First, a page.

A for effort, though, and thanks for stopping by.


      1. Meals and Mile Markers

        That’s why I assume I’m “tone deaf” right now. I teach ESL so I know how often someone really thinks they’re saying it right, but aren’t even close! I think that might be where I’m fitting in right now 🙃

        Liked by 1 person

  3. Great post! I have something similar coming out in December to do with how to get the Hygge feeling. I have the pronunciation down as Hoo-ga or Hoo-go, just so people stop referring to it in stupid ways like Hi-Ga. But feel free to correct me (or scold me) if I’m wrong!


    1. Thank you.

      Oh. I suppose the problem is that it’s not something you acquire. I am sure that even people who’ve never heard the word before know the feeling (just without knowing the word for it).
      Oo, yeah no, sorry sweety, but that pronounciation is exactly what I want people to stop doing. It’s so wrong. Oo in English is like a Danish U, and hygge is spelt with a Danish Y which is a sound you don’t have.
      On a side note, hygge is only with capital H if it’s the first word of the sentence. There’s also something with the grammar that I won’t correct because it’s pointless unless you actually know a bit of Danish.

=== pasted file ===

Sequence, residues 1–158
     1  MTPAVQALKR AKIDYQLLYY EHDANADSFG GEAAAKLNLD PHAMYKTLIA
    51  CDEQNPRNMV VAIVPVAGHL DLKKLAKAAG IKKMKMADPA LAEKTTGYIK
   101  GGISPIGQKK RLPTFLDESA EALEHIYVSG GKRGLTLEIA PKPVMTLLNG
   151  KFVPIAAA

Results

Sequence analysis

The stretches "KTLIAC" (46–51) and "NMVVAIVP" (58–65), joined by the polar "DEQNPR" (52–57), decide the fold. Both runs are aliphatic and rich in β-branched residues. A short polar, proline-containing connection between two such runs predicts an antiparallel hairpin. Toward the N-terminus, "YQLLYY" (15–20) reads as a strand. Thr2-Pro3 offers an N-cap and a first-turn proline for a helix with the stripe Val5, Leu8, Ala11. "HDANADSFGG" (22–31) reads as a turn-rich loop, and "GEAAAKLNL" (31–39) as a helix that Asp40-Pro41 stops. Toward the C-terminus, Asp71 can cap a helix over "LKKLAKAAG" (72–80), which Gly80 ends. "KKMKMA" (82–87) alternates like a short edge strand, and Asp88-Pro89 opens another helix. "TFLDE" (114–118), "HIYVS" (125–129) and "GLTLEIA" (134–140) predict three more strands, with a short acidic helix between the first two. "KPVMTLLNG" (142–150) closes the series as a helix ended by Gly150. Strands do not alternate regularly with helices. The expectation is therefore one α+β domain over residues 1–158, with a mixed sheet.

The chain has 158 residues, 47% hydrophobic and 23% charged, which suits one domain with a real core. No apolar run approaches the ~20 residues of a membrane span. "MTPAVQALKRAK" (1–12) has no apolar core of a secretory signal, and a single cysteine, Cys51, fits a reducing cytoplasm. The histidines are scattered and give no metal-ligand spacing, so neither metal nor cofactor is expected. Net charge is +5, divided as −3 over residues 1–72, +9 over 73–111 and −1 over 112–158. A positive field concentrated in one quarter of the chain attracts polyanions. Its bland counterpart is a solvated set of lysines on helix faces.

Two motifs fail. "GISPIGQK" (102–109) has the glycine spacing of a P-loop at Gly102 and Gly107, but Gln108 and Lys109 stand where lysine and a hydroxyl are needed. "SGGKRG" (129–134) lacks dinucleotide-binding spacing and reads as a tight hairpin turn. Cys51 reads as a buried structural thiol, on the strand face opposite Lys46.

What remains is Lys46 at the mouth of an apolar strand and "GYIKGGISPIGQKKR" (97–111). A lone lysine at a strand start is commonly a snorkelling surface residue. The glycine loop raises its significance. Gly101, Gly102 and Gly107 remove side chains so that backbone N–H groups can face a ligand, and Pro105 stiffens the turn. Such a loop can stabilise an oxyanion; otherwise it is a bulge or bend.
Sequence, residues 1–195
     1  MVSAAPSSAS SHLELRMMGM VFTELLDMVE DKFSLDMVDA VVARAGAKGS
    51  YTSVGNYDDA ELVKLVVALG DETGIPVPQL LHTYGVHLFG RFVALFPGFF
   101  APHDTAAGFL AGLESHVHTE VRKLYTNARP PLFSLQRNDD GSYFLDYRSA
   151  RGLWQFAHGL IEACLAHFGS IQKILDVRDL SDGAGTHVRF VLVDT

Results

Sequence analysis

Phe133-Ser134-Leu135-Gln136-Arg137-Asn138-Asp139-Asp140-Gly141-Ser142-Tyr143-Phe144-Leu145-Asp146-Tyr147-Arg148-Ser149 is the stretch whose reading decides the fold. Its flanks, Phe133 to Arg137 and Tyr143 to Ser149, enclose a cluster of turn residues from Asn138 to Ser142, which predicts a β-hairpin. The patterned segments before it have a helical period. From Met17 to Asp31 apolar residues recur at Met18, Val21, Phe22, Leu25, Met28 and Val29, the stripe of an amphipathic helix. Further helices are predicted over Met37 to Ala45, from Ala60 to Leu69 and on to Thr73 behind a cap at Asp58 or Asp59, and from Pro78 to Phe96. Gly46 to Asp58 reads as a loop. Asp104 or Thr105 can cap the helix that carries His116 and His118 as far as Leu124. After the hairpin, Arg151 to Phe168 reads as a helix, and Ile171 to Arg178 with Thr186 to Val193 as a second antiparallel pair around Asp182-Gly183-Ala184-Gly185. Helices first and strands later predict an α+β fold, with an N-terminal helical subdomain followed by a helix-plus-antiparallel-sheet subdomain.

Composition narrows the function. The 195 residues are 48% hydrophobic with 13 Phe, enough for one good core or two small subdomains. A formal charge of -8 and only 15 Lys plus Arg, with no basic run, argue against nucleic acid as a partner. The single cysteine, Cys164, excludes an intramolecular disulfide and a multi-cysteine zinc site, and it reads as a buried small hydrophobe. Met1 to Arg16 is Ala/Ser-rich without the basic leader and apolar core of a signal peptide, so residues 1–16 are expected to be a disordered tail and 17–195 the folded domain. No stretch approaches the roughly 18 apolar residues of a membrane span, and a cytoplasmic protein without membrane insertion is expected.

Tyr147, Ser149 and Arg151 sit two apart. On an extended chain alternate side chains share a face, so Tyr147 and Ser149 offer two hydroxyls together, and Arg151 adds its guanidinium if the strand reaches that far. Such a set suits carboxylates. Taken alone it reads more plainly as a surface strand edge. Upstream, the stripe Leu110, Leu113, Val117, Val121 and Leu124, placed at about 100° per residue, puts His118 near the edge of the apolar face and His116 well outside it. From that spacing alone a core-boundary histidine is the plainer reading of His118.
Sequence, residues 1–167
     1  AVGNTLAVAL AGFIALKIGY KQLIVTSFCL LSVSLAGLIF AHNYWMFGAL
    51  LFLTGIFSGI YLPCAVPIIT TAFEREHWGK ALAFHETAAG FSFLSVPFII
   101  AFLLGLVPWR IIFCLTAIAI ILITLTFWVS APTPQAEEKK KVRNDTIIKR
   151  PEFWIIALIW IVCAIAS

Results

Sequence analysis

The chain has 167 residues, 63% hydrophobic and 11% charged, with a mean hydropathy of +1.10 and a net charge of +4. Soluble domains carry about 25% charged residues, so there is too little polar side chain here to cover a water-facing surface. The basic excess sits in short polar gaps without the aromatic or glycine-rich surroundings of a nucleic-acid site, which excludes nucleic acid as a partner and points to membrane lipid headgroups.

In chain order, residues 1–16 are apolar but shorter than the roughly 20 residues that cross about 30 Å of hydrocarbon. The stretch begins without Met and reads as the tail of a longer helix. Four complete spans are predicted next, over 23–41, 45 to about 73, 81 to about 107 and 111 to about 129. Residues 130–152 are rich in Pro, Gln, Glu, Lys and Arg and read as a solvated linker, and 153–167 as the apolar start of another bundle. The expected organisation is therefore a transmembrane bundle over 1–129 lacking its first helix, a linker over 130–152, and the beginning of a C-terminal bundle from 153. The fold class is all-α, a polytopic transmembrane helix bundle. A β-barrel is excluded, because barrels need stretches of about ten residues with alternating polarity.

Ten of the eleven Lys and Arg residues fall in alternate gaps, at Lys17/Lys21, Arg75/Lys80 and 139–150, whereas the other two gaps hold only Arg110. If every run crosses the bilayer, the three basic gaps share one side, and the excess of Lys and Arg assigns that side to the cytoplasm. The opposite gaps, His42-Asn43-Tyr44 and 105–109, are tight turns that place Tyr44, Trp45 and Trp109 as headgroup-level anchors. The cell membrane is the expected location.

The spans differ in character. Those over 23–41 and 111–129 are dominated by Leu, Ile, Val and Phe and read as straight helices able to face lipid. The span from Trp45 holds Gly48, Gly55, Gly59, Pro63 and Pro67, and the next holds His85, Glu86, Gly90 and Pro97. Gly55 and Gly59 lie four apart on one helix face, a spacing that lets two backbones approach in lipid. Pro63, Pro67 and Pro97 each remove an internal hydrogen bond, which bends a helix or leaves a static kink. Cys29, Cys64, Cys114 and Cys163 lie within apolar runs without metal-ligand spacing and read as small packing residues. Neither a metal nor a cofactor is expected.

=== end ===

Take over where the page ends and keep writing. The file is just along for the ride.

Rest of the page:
I guess I wanted foreigners to stop the Danesplaining but I guess that isn’t happening. Oh well, a Dane can dream.

      Thanks for stopping by!


  4. Thank you so much for sharing this! When I was in Copenhagen few years ago someone told me that hygge is the absence of everything unpleasant. It is definitely personal what hygge means to individuals, but it is a wonderful concept for taking time for yourself, family and friends and enjoying life.


    1. Thank you for stopping by.
      I definitely think it can be interpreted in different ways because we’re all different. I’ve never heard that explanation before and I can’t say that I find it wrong. It’s just another way of seeing it I suppose. But my point stands in that it is a feeling and not an acitivity which was one of my biggest pet peeves in regards to other bloggers.

      Liked by 1 person

  5. martinemussies

    Ah, great! I read some books and articles on “Hygge” as the untranslatable really fascinates me. This explains it pretty well and it is nice that you add the uselessness of list-making. In Dutch, we have a similar word, I think, which is “gezellig”. Maybe I should write about that, one day? 🙂 Best, Martine

    Liked by 1 person